This is Part Two of my review of TripVerse, a trip-planning platform that recently redesigned their website and mobile app.
In Part One, I looked at how TripVerse could be used to find new things to do in a city.
Though I noted that there was room for improvement concerning the ease of navigating the user interface, I ultimately found TripVerse to be a great tool to use when brainstorming potential trip itineraries.
Now I walk you through the booking process as I use TripVerse to buy tickets to the Acropolis Museum in Athens.
As you will see, this proves to be a disappointing experience. However, despite its many issues, I do think TripVerse has potential and is an app that travelers should at least keep on their radar!
Booking a Tour with TripVerse
Though there were certain aspects of the interface that I struggled with when browsing for trip ideas, it worked well, especially their website.
Unfortunately, I didn’t have the same experience when booking my ticket to the Acropolis Museum.
To make a booking, you must first use the ‘Create a Trip’ feature. Though I knew this step was required, I still found the process to be very confusing.
After entering the name and location of your trip in ‘Create a Trip,' you then add activities (such as tour bookings) to your itinerary using the ‘Add Activity’ button.
I clicked here hoping that this would allow me to book a tour of the Acropolis Museum. However, when I searched for the museum in the search bar, only two tours came up, and neither were of just the Acropolis Museum, which was what I was looking for.
Unsure of what to do next, I emailed TripVerse to ask how I could book the tickets to the Acropolis Museum.
They responded very quickly and kindly with specific instructions and screenshots telling me what to do.
I had been correct in trying to use the ‘Create a Trip’ and ‘Add Activity’ features. However, rather than search for the activity, I needed to click on the ‘Arts’ tab. It was there that I found the Acropolis Museum.
In all honesty, I didn’t even notice the different tabs above the venues. However, if I had, I would’ve first assumed that a tour of the Acropolis Museum would be listed under ‘Tours’ or ‘Sights’ rather than ‘Arts.’
Once I managed to get to the Acropolis Museum page, the booking process was relatively straightforward.
I selected my preferred day and time, entered my credit card information, and then was taken to the booking confirmation page.
However, when I clicked ‘View Voucher,’ the link didn’t work, and when I checked my email, no confirmation had been received.
I once again contacted TripVerse, and the problem was resolved within an hour of having reached out to them, but still, this additional issue was frustrating.
What Needs to Be Improved
First and foremost, they must enable users to book activities without having to ‘Create a Trip.’
Thankfully, the developers have already said that this issue is being fixed so we won’t have to worry about it shortly.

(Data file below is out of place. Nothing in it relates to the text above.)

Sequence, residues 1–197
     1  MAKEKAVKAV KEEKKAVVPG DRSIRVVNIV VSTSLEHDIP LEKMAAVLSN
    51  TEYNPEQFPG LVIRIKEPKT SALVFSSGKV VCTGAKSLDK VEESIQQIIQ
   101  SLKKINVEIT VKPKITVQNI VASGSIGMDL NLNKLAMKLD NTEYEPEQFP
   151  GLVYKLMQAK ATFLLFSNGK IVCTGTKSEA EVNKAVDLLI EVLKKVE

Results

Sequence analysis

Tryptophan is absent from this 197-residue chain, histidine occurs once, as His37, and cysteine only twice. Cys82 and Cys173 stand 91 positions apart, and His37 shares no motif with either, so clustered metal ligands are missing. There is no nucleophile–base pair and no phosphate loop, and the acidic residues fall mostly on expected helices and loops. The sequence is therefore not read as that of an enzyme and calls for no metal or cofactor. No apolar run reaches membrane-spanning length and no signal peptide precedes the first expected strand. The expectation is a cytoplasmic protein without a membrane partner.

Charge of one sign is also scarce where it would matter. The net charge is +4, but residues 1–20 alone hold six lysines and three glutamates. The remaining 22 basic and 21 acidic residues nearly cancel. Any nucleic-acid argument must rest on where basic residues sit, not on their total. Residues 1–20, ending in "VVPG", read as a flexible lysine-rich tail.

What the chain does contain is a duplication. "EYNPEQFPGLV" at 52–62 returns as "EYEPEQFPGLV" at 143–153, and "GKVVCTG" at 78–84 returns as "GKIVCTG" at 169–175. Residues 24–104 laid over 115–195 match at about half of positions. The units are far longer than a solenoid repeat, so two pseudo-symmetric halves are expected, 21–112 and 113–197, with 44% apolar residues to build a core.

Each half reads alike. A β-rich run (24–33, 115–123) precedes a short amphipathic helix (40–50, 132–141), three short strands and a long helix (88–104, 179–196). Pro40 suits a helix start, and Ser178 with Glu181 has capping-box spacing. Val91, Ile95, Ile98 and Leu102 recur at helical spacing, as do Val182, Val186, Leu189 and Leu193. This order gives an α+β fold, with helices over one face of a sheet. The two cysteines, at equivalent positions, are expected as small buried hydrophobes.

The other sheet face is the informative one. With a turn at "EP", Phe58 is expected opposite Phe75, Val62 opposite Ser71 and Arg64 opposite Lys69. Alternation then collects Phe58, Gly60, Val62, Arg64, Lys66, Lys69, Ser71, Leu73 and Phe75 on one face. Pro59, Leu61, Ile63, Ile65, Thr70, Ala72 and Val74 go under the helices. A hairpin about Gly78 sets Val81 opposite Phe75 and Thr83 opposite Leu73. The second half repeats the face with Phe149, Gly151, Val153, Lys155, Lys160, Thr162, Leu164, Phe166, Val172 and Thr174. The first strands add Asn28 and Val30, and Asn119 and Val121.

In fact, the new and improved version will automatically generate a trip for you based on the booked activity's city.
Also, the search function needs to be significantly improved. I had issues with it when using TripVerse to find new travel ideas, but it was even more infuriating when trying to use it to search for a particular activity.
I also think it would be helpful to include a tab in their ‘Add Activity’ section that reads ‘All’ and includes all types of activities available in a particular city.
Like I mentioned earlier, I wouldn’t have considered a tour of the Acropolis Museum to be categorized as ‘Arts’ though I can see why the developer labeled it as such.
Having an ‘All’ tab would make it easier for everyone to find certain activities, regardless of how they think of them.
Finally, I think TripVerse needs to get more regular users to their website for it to truly be a success.
Its best features — such as the user-generated itineraries, reviews of different activities, etc. — all depend on the number of people who regularly contribute to them. Until then, TripVerse won’t be able to reach its full potential.
Since writing this post, TripVerse has adopted nearly ALL of my suggestions!
The search bar is much improved and is now always in the header.
You also no longer need to ‘Create a Trip' to make bookings. Instead, you can just search for the activity you're interested in and book it directly that way.
After a booking is made, a trip is automatically created for you to browse other activities such as restaurants or nearby attractions.
I think these updates are a HUGE improvement and I look forward to seeing what TripVerse has in store for the future.
Though I still believe it needs to grow a much larger following to be a real travel asset, TripVerse is clearly on the right path to attracting more users and becoming a valuable resource for travelers.
This review was written in partnership with TripVerse. All opinions are my own.
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